Does your department have a narcissist or a Machiavellian?

I work in a wonderful Psychology department. It is everything the last place I worked isn’t. Collegiality actually means something here. Senior staff actually take on senior roles, instead of dumping it on junior staff (except, of course, the REF/RAE, where a prof, the one I am actually about to talk about, headed that up. But his idea of ‘heading up’ the REF/RAE is to farm it out to everyone else and then use cut and paste), teaching is taken seriously, and students and staff welfare matter.

A couple of months ago, a book was published by a well known psychologist who you see in the media regularly, about nefarious colleagues. You know, the ones that you watch your back with. Apparently, they can be divided into sociopaths, narcissists, and Machiavellian’s. Sociopaths are, apparently, so skilled you’d never know you were working with one. But I’ve had the dubious pleasure of working with the other two types. In the same department.

The narcissist was relatively easy to avoid, as I never really crossed paths with him. But there were certain staff that he enjoyed making their life a misery. Luckily, after about a year most people cottoned on to him. They may be devious, and complete wankers, but subtlety isn’t in their nature.

Two others in the department were Machiavellian’s, a senior member of staff and a more junior one. They were best of buds, of course. The pair of them, working together, effectively set up factions in the department. There were certain people that, for some unknown reason, they took a dislike to, and anyone associated with the person they disliked tended to be on the receiving end of some very subtle, devious, behaviour.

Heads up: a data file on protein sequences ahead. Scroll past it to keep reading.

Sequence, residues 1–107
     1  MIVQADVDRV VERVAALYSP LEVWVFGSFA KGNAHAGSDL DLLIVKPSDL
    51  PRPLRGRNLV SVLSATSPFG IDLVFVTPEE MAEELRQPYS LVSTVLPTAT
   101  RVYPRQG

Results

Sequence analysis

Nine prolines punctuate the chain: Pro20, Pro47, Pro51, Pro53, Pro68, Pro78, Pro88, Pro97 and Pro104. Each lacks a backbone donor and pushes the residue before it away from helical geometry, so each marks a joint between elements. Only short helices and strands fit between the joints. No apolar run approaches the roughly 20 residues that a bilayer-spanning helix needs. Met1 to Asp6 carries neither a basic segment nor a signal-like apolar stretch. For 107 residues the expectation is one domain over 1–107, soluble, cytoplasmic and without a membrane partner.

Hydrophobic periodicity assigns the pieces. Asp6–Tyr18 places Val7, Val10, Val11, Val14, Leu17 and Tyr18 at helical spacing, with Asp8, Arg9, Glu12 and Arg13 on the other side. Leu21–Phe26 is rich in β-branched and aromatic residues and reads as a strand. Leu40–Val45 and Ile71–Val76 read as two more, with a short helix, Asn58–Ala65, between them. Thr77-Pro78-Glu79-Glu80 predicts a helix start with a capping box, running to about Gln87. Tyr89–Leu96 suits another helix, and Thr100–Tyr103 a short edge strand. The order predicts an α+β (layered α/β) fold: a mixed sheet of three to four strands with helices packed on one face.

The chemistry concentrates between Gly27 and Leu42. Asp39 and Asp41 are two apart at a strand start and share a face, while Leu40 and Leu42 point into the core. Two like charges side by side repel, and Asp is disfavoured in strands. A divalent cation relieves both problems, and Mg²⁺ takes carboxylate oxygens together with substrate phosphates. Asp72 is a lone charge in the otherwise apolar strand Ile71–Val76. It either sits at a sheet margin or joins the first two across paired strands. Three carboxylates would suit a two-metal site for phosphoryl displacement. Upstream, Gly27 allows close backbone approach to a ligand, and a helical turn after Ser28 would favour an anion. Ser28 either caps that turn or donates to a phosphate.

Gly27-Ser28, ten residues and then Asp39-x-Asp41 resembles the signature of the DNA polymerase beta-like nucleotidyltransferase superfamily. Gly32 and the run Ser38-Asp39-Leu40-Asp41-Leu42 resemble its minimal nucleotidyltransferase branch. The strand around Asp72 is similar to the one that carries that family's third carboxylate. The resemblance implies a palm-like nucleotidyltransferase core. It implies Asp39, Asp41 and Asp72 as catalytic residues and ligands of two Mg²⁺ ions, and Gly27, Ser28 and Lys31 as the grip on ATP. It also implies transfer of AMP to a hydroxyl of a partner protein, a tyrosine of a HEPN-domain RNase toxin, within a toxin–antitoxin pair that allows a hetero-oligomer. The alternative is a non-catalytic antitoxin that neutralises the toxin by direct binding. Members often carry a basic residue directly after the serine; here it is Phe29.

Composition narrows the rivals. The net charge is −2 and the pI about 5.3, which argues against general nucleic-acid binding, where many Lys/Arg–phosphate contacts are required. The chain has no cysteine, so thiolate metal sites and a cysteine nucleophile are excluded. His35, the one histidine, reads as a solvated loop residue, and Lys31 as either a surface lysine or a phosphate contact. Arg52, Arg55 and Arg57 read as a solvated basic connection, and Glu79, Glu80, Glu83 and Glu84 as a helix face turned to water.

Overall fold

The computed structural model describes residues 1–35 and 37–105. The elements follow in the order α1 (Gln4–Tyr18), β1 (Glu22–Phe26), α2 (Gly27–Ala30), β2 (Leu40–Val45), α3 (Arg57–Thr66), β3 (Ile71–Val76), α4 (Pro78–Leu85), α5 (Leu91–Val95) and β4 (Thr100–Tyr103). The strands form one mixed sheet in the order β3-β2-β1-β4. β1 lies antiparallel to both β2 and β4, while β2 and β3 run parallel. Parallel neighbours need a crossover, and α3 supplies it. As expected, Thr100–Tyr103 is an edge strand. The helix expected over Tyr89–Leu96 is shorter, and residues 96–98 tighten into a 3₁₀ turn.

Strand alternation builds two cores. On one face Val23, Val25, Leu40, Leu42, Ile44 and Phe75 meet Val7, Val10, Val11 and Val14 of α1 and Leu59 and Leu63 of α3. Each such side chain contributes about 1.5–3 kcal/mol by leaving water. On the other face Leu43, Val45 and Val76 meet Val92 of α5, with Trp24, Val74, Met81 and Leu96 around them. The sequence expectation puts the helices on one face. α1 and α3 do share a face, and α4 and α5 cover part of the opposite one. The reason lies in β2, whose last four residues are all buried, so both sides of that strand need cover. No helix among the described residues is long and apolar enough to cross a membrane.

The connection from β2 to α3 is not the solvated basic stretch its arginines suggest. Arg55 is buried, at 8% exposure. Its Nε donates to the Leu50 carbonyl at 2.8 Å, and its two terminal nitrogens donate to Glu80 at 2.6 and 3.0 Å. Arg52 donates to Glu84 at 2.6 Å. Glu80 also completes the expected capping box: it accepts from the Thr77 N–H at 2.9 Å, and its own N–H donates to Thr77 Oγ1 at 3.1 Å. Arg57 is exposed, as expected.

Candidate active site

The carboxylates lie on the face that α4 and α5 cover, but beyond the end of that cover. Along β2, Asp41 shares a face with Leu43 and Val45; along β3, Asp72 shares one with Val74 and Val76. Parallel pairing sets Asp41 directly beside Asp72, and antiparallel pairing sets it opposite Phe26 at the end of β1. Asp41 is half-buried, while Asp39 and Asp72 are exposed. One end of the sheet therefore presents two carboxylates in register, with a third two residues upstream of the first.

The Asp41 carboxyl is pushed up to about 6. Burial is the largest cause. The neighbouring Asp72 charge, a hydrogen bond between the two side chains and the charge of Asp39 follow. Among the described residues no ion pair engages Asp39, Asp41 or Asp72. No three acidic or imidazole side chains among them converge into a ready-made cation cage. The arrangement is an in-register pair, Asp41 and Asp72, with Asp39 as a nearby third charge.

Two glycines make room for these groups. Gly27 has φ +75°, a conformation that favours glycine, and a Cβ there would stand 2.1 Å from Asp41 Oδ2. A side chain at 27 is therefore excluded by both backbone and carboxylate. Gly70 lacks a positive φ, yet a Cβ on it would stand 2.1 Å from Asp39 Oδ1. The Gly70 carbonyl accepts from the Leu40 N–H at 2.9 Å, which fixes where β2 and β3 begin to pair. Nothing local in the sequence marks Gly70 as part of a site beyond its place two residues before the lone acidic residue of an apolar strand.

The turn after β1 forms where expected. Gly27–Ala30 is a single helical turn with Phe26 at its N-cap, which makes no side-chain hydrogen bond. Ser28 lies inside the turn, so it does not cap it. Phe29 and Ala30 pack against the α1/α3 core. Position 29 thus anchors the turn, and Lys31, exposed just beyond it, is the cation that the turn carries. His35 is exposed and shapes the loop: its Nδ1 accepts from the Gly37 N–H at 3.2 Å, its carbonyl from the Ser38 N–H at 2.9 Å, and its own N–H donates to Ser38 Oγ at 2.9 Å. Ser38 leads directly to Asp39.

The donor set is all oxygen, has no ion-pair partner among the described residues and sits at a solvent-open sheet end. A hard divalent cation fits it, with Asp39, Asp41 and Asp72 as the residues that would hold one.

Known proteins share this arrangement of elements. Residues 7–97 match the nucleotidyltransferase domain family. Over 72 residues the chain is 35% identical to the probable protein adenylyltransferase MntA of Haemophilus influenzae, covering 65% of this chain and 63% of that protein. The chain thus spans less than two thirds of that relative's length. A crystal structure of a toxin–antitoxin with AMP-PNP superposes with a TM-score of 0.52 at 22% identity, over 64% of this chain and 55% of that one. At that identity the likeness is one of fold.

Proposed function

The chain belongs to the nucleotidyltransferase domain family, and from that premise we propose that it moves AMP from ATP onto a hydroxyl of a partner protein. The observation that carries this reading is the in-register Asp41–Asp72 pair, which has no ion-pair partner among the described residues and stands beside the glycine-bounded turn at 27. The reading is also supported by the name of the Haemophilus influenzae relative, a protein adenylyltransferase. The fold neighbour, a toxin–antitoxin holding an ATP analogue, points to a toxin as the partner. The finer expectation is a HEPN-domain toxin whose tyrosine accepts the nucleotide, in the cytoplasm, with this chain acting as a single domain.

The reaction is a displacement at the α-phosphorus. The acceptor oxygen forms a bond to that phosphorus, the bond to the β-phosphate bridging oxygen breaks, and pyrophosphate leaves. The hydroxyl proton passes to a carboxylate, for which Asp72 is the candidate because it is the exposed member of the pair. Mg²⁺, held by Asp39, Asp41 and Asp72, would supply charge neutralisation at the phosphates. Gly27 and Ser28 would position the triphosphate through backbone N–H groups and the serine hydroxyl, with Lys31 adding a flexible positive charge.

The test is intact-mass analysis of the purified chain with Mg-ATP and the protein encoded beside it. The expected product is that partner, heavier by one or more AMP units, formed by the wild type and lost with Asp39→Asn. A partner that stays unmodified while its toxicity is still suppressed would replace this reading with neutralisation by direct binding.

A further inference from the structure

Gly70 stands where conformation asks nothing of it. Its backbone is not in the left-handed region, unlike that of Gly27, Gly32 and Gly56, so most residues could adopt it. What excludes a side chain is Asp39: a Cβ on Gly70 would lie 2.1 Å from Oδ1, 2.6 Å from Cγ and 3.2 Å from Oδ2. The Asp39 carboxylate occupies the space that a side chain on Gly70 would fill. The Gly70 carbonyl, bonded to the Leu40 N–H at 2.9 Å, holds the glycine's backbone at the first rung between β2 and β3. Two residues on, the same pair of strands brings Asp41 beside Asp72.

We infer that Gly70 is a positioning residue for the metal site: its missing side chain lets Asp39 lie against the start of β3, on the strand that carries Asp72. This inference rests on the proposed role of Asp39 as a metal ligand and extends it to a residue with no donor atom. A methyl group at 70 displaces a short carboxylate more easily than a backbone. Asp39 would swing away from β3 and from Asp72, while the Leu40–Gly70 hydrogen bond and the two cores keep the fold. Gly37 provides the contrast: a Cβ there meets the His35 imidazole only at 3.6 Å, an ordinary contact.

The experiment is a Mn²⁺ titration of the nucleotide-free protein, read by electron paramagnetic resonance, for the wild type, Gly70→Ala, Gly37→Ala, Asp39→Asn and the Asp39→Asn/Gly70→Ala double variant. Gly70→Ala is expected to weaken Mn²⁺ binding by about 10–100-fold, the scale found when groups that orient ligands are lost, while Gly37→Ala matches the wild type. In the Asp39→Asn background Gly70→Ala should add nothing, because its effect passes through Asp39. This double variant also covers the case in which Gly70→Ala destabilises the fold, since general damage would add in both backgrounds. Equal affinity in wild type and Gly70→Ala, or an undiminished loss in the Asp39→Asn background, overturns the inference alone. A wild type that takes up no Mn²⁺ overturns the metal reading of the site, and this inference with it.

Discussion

Factions occur in lots of departments. Usually between senior staff as they are the only ones who can get away with such appalling behaviour. A strong HoD can reign this in. If, however, there is weak leadership, trouble will brew, and it makes for an extremely unpleasant and hostile environment.

Machiavellian’s, coupled with weak leadership, is a particularly toxic combo for junior staff caught up in the middle. Ever tried applying for promotion when a Machiavellian doesn’t like you and is on the promotion committee? Suddenly, your publication and grant record isn’t good enough. Ahh…ahhh…they say. Your publications aren’t in the right journals (read: Nature and Science. Response: neither are yours!). You don’t do enough teaching (response: I actually teach just above the average, at undergrad and postgrad), you don’t have PhD students through to completion (response: gee, thanks for the vote of confidence), you don’t go to enough conferences (response: well, give me some money and I’ll go to more). One colleague in the same department got similar comments despite the fact that she did three times the amount of average teaching and goes to around three international conferences a year.

And, yet, Prof Mach’s protégé can get promoted despite having not actually conducted any research in five years.

Basically, if you have a Machiavellian in your department, get out now….

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